For the US, our main focus has to be on our energy emissions due to petroleum, coal, and natural gas, since 85.7% of our total CO2 emissions are due to energy production. As of 2011 41% of our emissions from energy production comes from petroleum emissions, 34% from coal, and 24% from natural gas. Of that 41% due to petroleum, 15% is from domestic petroleum production, and 26% from petroleum imports. So if the United States were to today achieve petroleum independence from carbon-neutral energy sources and energy savings, and totally replace coal combustion with carbon-neutral energy sources and energy savings, that would save 60% of the 86% of emissions from energy production, or 52% of the total. We would “only” have to cut the remaining energy-related emissions and the 14% from other sources by 60% to get to an equal proportional share of an 80% reduction.

However, the target we have to aim at is more ambitious than this. First, fossil fuels are non-renewable, and our timeline for the persistence of CO2 in the atmosphere is around a century. We don’t have a century’s worth of fossil fuels at the current rate of global consumption, so cutting back our consumption by 80% of the present rate is not enough.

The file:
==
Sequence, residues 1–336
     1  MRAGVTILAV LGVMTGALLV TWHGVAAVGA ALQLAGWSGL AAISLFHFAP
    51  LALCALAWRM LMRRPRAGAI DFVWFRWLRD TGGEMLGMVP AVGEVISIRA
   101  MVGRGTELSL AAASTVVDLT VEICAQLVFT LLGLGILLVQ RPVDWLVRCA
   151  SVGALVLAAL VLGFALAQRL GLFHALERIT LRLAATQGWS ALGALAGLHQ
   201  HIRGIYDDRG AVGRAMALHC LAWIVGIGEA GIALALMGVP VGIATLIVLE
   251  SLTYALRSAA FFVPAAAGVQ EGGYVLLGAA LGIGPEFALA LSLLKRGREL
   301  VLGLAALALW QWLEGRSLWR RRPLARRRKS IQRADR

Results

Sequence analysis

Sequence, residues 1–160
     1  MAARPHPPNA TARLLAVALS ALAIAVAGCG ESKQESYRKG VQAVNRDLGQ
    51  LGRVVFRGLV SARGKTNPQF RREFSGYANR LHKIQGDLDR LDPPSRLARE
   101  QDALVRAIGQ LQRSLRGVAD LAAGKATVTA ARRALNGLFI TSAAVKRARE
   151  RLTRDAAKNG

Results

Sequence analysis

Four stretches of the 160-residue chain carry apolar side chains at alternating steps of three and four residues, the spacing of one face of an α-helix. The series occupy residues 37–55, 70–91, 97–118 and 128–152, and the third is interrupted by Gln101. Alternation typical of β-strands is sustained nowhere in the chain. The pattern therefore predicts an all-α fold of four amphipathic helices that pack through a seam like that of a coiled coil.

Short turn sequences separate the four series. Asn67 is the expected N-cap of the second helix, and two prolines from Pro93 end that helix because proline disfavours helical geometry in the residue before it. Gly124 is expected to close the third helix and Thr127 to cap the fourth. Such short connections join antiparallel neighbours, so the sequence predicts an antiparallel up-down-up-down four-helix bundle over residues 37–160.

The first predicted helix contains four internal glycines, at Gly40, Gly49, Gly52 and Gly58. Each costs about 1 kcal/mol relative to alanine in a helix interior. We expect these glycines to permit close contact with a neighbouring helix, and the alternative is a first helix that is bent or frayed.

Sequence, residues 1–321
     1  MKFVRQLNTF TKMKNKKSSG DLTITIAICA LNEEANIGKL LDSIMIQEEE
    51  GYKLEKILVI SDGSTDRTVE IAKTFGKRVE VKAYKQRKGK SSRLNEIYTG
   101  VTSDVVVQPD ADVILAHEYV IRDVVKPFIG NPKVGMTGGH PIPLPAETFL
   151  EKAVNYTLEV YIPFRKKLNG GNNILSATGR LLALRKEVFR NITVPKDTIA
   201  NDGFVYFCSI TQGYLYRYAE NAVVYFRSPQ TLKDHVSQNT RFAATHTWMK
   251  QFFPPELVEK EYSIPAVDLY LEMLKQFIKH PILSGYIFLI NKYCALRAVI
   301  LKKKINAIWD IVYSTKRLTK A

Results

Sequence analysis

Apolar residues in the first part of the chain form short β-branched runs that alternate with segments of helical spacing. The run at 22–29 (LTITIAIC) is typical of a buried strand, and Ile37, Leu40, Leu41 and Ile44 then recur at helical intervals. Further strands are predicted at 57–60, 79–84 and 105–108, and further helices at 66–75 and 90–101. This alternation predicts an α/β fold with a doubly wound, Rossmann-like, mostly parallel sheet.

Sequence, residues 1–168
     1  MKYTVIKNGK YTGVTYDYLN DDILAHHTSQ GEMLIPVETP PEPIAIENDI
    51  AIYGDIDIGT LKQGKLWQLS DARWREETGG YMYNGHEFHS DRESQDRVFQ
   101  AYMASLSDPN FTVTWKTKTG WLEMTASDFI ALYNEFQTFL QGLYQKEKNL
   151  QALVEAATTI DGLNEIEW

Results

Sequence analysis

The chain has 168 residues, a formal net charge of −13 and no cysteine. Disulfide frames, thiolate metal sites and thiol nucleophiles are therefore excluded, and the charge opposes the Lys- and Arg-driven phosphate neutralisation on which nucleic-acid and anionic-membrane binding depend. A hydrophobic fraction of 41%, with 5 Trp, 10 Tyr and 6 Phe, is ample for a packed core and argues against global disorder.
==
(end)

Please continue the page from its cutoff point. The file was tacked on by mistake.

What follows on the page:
And second, because of the time that it will take to switch to a low carbon emissions society, it is highly likely that by the time that a low carbon emissions society is within reach, we will have already emitted close to 565 gigatons.

This is why our target is no longer a “low net carbon emissions” society, but a “zero net carbon emissions” society, since we’ve likely already passed the “ordinary stop” stopping distance, and are coming up upon the “crash stop” stopping distance.

Sep 30 2013

Sunday Train: Unleashing the Political Power of Bio-Coal

One point that constantly comes up when the push to 100% sustainable, renewable power is raised is the problem that “renewable power sources cannot be relied on to deliver power 24/7”. This is a talking point pushed by the propagandists for Big Coal in particular, since the biggest challenge to their long term existence as an industry in the United States is the threat that we begin to get serious about tapping our abundant Wind Power resources on-shore in the Great Plains and Mountain West and off-shore on the Great Lakes and Atlantic Coast. When the wind is blowing, it substantially undermines the market for fossil-fuel “Baseload Power” (see (The Myth of Baseload Power).